In discussing biological explanations of offending behavior, it is important to consider several factors. Firstly, biological explanations do not provide a complete understanding of criminal behavior. While genetics and brain pathology may contribute to individual differences in susceptibility to offending, they should be viewed as interacting with other factors such as environmental influences, social circumstances, and psychological processes. Criminal behavior is a complex phenomenon that cannot be solely attributed to biological factors.
Secondly, there is a risk of biological determinism, which oversimplifies the causes of criminal behavior by placing excessive emphasis on biological influences. This reductionistic view neglects the significant impact of social, cultural, and psychological factors on individuals' engagement in criminal activities. Thirdly, the use of biological explanations raises ethical concerns regarding potential stigmatisation and discrimination. Labeling individuals as "genetically predisposed" or "brain-pathology affected" may perpetuate negative stereotypes and hinder efforts toward rehabilitation and reintegration.
Biological explanations of offending behavior offer insights into the role of genetics and brain pathology in shaping criminal tendencies. However, these explanations should be considered alongside other factors and should not overshadow the complex interplay of environmental, social, and psychological influences. Additionally, caution must be exercised to avoid deterministic views and potential stigmatisation associated with biological explanations. A comprehensive understanding of criminal behavior necessitates an integrative approach that considers multiple perspectives and acknowledges the multidimensional nature of offending.
Outline one biological explanation for offending.(2 marks)
One biological explanation for offending is the influence of genetic factors. Research has identified specific genes, such as the MAOA gene, that are associated with aggression and antisocial behavior. These genes can affect the regulation of neurotransmitters in the brain, potentially leading to an increased predisposition towards engaging in criminal activities.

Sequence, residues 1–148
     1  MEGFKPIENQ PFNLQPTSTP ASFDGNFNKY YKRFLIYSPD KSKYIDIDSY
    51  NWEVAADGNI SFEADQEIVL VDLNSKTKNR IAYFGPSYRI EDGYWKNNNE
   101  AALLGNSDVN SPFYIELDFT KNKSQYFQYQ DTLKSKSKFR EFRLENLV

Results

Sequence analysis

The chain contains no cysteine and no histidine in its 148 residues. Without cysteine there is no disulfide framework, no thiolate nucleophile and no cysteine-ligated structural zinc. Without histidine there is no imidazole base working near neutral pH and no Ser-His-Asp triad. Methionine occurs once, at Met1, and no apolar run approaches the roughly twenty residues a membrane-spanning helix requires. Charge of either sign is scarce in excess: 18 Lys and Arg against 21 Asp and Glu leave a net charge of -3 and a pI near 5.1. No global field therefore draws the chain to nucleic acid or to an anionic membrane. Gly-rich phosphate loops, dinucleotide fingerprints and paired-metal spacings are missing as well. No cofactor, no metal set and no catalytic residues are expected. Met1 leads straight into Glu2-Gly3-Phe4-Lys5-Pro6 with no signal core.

Outline and compare two explanations for offending. Refer to evidence in your answer.
(Total 16 marks)
One explanation for offending is rooted in biological factors, particularly genetics. Research has shown a link between certain genetic markers and criminal behavior. For example, studies on twins and adopted individuals have provided evidence for the role of genetics in offending. Twin studies have shown higher concordance rates for criminal behavior in identical twins compared to fraternal twins, suggesting a genetic influence. Adoption studies have also demonstrated a higher likelihood of criminal behavior among individuals who have biological parents with a criminal history. Additionally, neurological mechanisms have been explored, such as abnormalities in brain structures like the amygdala and frontal lobe, as well as brain maturation retardation hypothesis in individuals with Antisocial Personality Disorder (APD). Chromosomal abnormalities, such as XYY syndrome, have also been associated with an increased risk of engaging in criminal behavior. It is important to acknowledge early theories, such as the atavistic form and somatotype, that proposed a biological basis for criminality.
In contrast, the psychological perspective, as exemplified by Eysenck's theory, emphasises personality traits as predictors of offending behavior. Eysenck suggested that individuals with a combination of high neuroticism and high extraversion, along with elevated levels of psychoticism, are more prone to engage in criminal activities. This theory focuses on the interaction between personality traits and environmental factors. Eysenck argued that individuals with certain personality characteristics are more likely to seek out risky and impulsive behaviors, increasing their likelihood of committing crimes.
It is important to note that both perspectives have their strengths and limitations. The biological explanation provides valuable insights into the genetic and neurological influences on offending behavior. However, it is reductionistic and overlooks the complex interplay of social and environmental factors in criminality. The psychological perspective, while considering the role of personality, may oversimplify the multifaceted nature of criminal behavior by neglecting the impact of biological factors.
Additionally, both explanations can be criticised for their deterministic tendencies, as they imply that criminal behavior is solely determined by either genetics or personality traits, disregarding the potential for individual agency and the influence of social context. To develop a comprehensive understanding of offending behavior, it is essential to consider multiple factors, including biological, psychological, and social dimensions, and examine their interactions and intersections.